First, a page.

They have something to hide: Thank you for your report on the Humane Society's refusal to support the proposal for Maddie's Fund [Laura Higgins, "Bully on the Block," RFT, May 2]. My friends and co-workers are all disappointed that an organization we supported with donations and adoptions is uncooperative in discussing a goal common to all "humane" persons and groups. Their attitude is annoying, their reasons are vague and we're all confused. It truly does appear that they have something to hide. I am anxious to see if your magazine digs up any further information. I have e-mailed my displeasure to the Humane Society and my kudos to Stray Rescue.
This grant could do so much: Thank you, thank you, thank you -- for taking a stance on the Maddie's Fund grant proposal and the Humane Society's refusal to participate [Ray Hartmann, "Heavy-Pawed Politics," RFT, May 2]. This grant could do so much for so many animals. The Humane Society's posture is unbelievable and a shame. Please continue to pursue this issue.
via the Internet
I saw the horrors of their locked backrooms: I was pleased to see articles addressing problems with the Humane Society's practices. Although compelling and rightfully critical, the articles only began to scratch the surface of the real secrets the Humane Society is hiding. Not only do they wish to push all other rescue organizations out of business for fear of "competition," but, by supporting Maddie's Fund, the Humane Society would have to put to sleep their old and tired practice of killing all pit-bull-type dogs that come through their doors.
I know firsthand about the truth of this horror. After having my female American bulldog stolen out of my backyard one morning, I searched frantically through all the shelters to find her. When calling the Humane Society, I was told to visit the stray area every day, because if she came in, they would put her to sleep (after the initial forced holding time). Her crime? Being a type of pit bull. I visited the Humane Society daily and saw the horrors of their locked backrooms, the rooms no one is allowed to see. Winding corridor after corridor of dogs on death row. Their crimes? Being so-called pit bulls, most of them so badly tortured and abused, they were barely recognizable as dogs anymore. Some had ears amputated, one had two broken legs, one was badly burned by a chemical or gasoline -- but not one barked at me, and almost all offered a friendly wag or lick when I put my hand to the cage. They were the victims of horrendous abuse that happens every day in St. Louis, yet they were the ones being punished. [They're] hidden away like a big scary secret that the Humane Society and the media do not want us to see.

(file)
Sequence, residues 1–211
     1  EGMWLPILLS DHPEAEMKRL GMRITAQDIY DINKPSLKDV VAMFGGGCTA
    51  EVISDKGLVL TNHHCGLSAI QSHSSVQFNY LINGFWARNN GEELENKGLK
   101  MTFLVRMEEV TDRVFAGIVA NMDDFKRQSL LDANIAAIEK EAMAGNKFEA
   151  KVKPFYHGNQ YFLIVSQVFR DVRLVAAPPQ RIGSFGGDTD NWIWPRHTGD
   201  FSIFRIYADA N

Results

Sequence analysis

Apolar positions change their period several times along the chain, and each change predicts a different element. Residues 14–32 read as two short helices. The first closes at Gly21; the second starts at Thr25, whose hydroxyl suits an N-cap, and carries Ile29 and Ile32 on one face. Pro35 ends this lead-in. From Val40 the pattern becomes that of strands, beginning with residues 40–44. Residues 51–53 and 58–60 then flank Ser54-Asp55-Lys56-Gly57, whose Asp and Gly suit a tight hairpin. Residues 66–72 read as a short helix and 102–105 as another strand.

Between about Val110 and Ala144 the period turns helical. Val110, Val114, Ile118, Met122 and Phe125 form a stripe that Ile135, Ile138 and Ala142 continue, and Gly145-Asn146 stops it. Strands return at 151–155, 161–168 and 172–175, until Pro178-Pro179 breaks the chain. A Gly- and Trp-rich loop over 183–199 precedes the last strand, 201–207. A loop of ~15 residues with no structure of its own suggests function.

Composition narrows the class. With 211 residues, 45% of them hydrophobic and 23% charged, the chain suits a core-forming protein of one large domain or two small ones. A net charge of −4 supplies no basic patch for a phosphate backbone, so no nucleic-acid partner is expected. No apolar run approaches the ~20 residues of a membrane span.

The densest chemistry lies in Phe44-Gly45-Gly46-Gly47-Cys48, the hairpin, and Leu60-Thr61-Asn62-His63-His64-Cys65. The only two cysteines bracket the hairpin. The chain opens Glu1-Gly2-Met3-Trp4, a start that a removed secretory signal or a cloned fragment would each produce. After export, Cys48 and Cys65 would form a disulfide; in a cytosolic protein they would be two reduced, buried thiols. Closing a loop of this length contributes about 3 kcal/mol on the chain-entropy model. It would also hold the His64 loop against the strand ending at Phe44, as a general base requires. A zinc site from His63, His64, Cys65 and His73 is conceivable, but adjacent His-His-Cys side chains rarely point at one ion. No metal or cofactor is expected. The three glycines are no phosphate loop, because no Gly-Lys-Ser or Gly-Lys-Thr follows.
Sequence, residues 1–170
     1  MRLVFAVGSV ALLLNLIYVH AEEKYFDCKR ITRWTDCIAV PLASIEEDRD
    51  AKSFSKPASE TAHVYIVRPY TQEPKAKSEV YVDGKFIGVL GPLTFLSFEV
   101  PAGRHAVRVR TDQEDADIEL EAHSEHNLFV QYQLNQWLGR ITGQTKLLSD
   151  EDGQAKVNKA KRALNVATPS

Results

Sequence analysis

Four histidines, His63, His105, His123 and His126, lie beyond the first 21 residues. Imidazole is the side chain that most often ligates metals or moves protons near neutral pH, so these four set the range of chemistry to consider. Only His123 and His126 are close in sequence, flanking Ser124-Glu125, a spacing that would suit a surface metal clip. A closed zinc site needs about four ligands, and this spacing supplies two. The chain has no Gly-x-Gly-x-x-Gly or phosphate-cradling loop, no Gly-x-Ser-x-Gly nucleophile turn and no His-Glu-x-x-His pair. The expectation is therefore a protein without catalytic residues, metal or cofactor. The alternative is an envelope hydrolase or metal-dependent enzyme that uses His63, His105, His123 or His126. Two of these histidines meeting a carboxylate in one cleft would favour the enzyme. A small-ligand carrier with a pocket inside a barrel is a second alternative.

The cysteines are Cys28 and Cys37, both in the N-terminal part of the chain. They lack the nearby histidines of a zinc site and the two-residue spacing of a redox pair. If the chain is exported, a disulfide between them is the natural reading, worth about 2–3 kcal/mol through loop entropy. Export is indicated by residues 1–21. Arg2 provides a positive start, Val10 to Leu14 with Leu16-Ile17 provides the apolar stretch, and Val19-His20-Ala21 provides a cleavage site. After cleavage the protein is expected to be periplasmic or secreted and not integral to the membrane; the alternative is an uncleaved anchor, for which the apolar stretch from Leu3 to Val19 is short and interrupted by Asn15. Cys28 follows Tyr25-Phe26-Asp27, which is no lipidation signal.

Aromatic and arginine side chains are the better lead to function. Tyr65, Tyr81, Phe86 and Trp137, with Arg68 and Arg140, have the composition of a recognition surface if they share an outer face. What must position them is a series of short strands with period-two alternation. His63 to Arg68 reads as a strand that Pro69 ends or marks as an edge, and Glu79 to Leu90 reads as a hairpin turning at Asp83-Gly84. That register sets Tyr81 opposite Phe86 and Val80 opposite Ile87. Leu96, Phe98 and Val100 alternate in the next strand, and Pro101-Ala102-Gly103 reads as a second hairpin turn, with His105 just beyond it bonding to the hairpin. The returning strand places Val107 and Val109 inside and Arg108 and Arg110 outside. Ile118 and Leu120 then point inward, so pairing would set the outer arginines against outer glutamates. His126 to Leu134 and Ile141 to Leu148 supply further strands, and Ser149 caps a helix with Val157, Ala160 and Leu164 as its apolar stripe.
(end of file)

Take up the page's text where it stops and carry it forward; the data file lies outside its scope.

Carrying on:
Fortunately, through efforts like Maddie's Fund, the city of San Francisco (where almost 50 percent of all strays are pit-bull-type dogs) has been progressive in rehabilitating and re-homing pit-bull-type dogs and educating the public on dogfighting and abuse.
Name withheld by request
Bring back local reviewers: So I turn to the review about One Night at McCool's [Gregory Weinkauf, "Termagant of Endearment," RFT, April 25] expecting to see some insightful comments about the movie's connections to St. Louis -- in particular, more about the supposed link to the club Humphrey's or the related experiences of screenwriter (and erstwhile St. Louisan) Stan Seidel.
How silly of me. I forgot that the RFT uses the equivalent of wire writers for movie reviews -- people who write generically for New Times and can't provide the local insight or color the RFT is known for.